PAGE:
John Calvin addresses this issue in his Institutes, Book 1, Chapter 11. In that chapter it becomes clear that he opposes:
- all images meant to represent God
- veneration or praying to any image
- man-made images in worship that do not serve a didactic purpose
The first eight sections of the chapter focus primarily on images of God. In §1, he writes:
We must cling to this principle: God's glory is corrupted by an impious falsehood whenever any form is attached to him.
In §2–4, he makes the biblical case against images of God, and specifies that both images and sculptures are illegitimate in §4. In §7, he calls images dedicated to saints "idols" and "monstrosities," and in §9 he makes it clear that any sort of adoration of images is unacceptable:
When you prostrate yourself in veneration, representing to yourself in an image either a god or a creature, you are already ensnared in some superstition. For this reason, the Lord forbade not only the erection of statues constructed to represent himself but also the consecration of any inscriptions and stones that would invite adoration.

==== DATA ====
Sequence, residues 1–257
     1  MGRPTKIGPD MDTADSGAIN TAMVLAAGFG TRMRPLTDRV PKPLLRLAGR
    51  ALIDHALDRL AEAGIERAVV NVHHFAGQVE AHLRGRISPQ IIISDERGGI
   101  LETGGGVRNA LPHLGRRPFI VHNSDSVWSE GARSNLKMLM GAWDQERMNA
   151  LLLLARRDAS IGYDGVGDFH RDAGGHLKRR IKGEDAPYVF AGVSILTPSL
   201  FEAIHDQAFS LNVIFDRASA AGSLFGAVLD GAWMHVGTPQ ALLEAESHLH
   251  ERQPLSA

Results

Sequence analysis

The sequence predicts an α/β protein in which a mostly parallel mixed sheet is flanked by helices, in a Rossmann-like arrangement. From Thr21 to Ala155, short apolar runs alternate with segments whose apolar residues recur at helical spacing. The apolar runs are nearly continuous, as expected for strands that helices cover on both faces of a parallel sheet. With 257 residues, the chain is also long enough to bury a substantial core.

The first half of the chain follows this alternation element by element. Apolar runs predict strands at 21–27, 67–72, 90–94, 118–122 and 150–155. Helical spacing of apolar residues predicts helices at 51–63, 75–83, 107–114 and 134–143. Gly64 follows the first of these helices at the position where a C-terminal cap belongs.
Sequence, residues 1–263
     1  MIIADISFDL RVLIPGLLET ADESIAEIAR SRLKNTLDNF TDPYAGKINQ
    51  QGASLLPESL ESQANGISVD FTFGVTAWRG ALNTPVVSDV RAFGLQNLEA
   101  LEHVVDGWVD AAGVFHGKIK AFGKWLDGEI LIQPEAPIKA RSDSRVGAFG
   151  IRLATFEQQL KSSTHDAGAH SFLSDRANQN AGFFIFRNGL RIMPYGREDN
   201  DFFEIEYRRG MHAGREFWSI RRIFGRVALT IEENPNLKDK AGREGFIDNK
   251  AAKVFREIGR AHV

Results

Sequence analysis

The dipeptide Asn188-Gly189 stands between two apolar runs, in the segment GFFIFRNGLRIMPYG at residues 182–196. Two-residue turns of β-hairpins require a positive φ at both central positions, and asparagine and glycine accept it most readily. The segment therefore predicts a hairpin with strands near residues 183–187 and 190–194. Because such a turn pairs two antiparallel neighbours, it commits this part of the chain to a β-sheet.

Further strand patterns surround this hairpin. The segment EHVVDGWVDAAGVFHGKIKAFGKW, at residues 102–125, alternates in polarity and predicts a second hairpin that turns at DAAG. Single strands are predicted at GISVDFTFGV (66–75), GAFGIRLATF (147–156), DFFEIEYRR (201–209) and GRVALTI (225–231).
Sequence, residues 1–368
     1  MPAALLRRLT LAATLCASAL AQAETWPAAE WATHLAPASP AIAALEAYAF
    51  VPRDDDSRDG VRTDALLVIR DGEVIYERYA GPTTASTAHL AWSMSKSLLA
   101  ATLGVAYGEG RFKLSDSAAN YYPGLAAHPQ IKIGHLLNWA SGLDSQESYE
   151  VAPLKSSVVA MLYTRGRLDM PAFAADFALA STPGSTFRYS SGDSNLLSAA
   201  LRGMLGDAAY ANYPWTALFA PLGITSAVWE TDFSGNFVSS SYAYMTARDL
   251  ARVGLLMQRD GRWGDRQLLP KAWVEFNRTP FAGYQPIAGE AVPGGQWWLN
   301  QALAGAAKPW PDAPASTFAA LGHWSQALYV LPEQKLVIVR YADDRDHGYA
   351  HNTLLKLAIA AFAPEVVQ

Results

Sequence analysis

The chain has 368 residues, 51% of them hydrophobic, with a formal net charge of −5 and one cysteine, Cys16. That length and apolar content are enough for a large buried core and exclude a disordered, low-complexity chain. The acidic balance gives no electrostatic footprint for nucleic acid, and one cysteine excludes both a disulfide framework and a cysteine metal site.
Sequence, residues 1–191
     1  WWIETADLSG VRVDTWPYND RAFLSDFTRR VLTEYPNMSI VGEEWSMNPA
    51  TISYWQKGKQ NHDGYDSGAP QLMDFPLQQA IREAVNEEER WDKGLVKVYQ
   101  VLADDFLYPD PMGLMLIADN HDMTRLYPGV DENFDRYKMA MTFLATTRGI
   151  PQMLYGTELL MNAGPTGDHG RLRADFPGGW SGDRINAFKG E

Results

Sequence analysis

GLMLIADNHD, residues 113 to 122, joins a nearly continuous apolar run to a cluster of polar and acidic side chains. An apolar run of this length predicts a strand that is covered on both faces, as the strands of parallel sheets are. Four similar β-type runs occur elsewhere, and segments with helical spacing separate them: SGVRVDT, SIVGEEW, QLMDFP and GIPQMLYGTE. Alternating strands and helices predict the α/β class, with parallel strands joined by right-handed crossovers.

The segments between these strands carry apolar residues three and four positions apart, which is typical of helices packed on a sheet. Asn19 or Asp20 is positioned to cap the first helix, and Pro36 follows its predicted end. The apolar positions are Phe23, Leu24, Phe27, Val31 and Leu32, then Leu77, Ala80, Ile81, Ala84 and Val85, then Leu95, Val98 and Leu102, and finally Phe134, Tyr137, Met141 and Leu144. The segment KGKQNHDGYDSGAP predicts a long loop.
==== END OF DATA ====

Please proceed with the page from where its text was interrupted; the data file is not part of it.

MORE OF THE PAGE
He quotes Augustine in §10 on the influence of such images:
What Augustine says is true, that no one thus gazing upon an image prays or worships without being so affected that he thinks he is heard by it, or hopes that whatever he desires will be bestowed upon him.
So then, to Calvin, is any art permissible in worship services? In §13 he asks why Baptism and the Lord's Supper do not capture our attention, though in §12 he admits the usefulness of some art:
Within this class [of art not representing God] some are histories and events, some are images and forms of bodies without any depicting of past events. The former have some use in teaching or admonition; as for the latter, I do not see what they can afford other than pleasure.
Thus we see that Calvin finds highly objectionable all veneration, worship, and prayer to images. He emphasizes the value of the sacraments in providing images for the people, but accepts that some art, serving a didactic purpose, may be permissible as well.
Quotations from Institutes, ed. McNeill, tr. Battles. Section headings can be used to find similar wording in online editions of Beveridge's translation, such as on CCEL.